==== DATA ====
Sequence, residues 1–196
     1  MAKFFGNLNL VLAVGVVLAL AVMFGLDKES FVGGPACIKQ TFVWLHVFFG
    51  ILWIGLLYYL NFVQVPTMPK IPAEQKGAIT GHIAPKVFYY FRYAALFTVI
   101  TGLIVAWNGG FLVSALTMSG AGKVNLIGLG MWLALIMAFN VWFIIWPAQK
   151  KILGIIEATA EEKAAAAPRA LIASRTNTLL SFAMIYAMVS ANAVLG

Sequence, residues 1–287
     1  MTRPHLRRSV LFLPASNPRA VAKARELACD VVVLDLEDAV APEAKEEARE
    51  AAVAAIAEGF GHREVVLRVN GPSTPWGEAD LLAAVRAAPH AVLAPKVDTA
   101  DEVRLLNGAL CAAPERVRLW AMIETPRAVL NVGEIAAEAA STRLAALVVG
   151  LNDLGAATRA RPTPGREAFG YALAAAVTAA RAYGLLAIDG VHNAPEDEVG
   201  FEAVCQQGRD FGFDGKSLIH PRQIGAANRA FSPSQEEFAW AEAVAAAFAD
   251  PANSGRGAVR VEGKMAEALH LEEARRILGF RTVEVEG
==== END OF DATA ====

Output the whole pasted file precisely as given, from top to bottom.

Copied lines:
Sequence, residues 1–196
     1  MAKFFGNLNL VLAVGVVLAL AVMFGLDKES FVGGPACIKQ TFVWLHVFFG
    51  ILWIGLLYYL NFVQVPTMPK IPAEQKGAIT GHIAPKVFYY FRYAALFTVI
   101  TGLIVAWNGG FLVSALTMSG AGKVNLIGLG MWLALIMAFN VWFIIWPAQK
   151  KILGIIEATA EEKAAAAPRA LIASRTNTLL SFAMIYAMVS ANAVLG

Sequence, residues 1–287
     1  MTRPHLRRSV LFLPASNPRA VAKARELACD VVVLDLEDAV APEAKEEARE
    51  AAVAAIAEGF GHREVVLRVN GPSTPWGEAD LLAAVRAAPH AVLAPKVDTA
   101  DEVRLLNGAL CAAPERVRLW AMIETPRAVL NVGEIAAEAA STRLAALVVG
   151  LNDLGAATRA RPTPGREAFG YALAAAVTAA RAYGLLAIDG VHNAPEDEVG
   201  FEAVCQQGRD FGFDGKSLIH PRQIGAANRA FSPSQEEFAW AEAVAAAFAD
   251  PANSGRGAVR VEGKMAEALH LEEARRILGF RTVEVEG